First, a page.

Protesting an authoritarian government for its lack of action on climate change can be lonely and dangerous. However, young Russian activist Arshak Makichyan believes it’s a job that has to be done.
Source: Democracy Now!/Youtube
Makichyan has stood alone in Moscow protesting climate inaction, spoken at several conferences, and built a social media following. However, since Russia invaded Ukraine, he has switched his focus. “Protesting this war is more important than climate activism,” he told The New York Times.
Thousands of people have already died, and there is no end in sight. People have been fleeing the country and taking only what they can carry to find safety. The war has pushed many climate change goals aside as governments attempt to figure out where they will get their oil from, even though experts have been urging for years to move away from fossil fuels and toward renewable energy.
Makichyan first became a climate activist in 2018 when he saw Greta Thunberg’s school strikes in Sweden and her attempts to get her government to take action against climate change. He was drawn to learn more about climate issues and wanted to join the Fridays for Future movement. He was worried about repercussions from protesting but felt that no one was talking about the fatal state of the environment.
To demonstrate in Russia, you need authorization, which Makichyan was repeatedly refused. He noticed, however, that the law allowed individuals to protest alone, so he did that. Sometimes the police would stop him within a few minutes of his solo demonstrations, but he grew support both in-person and online and became known as a “lone picketer” or the “solo protester.”
He protested for more than 40 weeks straight before being arrested at the end of 2019 for organizing a three-person strike without the necessary papers. Activists around the world stood up for him and protested his arrest. However, things were about to get even harder for those wanting change. In 2021, the government approved a law that labeled people’ foreign agents’ who received financial support abroad and were published online.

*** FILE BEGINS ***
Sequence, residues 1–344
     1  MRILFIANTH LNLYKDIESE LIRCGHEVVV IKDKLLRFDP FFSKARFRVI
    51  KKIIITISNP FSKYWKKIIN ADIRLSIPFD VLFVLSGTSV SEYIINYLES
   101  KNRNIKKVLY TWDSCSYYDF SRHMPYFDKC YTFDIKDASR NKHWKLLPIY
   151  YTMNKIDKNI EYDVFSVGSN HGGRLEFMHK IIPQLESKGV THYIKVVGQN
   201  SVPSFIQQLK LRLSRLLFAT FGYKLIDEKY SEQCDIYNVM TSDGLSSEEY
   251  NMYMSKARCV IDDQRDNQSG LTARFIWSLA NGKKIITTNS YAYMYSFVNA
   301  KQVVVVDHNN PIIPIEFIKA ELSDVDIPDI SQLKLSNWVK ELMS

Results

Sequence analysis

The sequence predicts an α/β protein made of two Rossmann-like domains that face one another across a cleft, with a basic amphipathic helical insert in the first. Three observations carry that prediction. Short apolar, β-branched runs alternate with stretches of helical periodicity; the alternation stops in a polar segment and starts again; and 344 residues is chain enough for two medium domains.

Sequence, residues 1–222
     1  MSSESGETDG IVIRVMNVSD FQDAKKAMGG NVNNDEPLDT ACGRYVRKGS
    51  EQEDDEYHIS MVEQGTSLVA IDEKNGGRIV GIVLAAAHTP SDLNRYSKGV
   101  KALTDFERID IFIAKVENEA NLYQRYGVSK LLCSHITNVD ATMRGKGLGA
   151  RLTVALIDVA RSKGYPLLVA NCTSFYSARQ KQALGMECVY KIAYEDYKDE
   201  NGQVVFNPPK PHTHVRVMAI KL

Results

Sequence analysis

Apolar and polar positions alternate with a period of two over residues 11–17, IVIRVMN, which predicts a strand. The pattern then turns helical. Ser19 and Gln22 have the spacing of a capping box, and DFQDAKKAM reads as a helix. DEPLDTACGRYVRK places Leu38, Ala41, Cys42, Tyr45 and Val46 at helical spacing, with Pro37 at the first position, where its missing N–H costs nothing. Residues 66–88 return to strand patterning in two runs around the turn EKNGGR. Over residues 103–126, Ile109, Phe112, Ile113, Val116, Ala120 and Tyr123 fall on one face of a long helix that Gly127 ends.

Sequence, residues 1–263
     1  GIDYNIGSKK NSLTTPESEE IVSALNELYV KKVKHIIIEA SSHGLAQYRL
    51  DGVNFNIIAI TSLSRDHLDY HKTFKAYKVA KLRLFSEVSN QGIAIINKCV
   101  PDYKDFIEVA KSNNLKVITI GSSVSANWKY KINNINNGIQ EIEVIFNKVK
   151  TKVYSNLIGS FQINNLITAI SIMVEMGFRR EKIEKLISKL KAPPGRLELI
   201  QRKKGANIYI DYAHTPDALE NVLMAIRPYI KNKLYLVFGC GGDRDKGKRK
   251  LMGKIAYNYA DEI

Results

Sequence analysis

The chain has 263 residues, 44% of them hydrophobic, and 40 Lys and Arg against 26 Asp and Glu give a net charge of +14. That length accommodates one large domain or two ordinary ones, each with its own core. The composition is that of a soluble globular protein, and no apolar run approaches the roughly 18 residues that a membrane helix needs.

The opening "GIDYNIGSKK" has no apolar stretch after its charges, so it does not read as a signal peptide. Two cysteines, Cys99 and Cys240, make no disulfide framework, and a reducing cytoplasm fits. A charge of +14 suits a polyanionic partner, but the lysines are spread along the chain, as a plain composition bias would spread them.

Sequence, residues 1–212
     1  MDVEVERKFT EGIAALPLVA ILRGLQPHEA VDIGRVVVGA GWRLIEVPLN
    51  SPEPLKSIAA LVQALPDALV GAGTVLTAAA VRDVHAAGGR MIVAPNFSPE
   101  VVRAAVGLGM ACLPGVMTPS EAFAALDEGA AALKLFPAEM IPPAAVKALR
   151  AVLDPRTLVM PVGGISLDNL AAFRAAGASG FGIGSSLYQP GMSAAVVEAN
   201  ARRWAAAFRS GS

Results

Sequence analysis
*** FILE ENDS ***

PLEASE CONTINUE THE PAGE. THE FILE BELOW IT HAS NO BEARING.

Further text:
Source: Guardian News/Youtube
When the invasion started, Makichyan could not find a shop that would print anything with the word “war” on it. He wrote, “I’m against the war” on climate stickers he already had and has been joining thousands of others demanding peace. The police detained him and his wife for five hours for protesting the war. His friends had their apartments raided by the police, and all of their electronics were seized. He can’t even do his job as a social media manager because of the blocked websites in the country.
He and his wife are now in Germany and not sure where their lives are headed next. He knows one thing, though, “Activism is everything I have,” he said. “Russia is my place.” Sign this petition to stand with Ukraine and check out 10 Ways to Help People and Animals in Ukraine!
- British Man Drives Over 1200 Miles Through Ukraine to Save Stranded Lion and Wolf
- Brave Vet Goes into Ukraine Battle Zones to Save Animals!
- Vegan Restaurant in Ukraine Feeds Hundreds of Refugees for Free Everyday
- FOUR PAWS Launches New Aid Project to Feed Animals in Ukraine
- 10 Ways to Help People and Animals in Ukraine
- How the World is Coming Together in Support for Ukraine and the Environment by Cutting Oil Imports From Russia
- Ukraine Invasion Pushes U.S. Climate Change Goals Aside
For more Animal, Earth, Life, Vegan Food, Health, and Recipe content published daily, subscribe to the One Green Planet Newsletter! Lastly, being publicly-funded gives us a greater chance to continue providing you with high-quality content. Please consider supporting us by donating!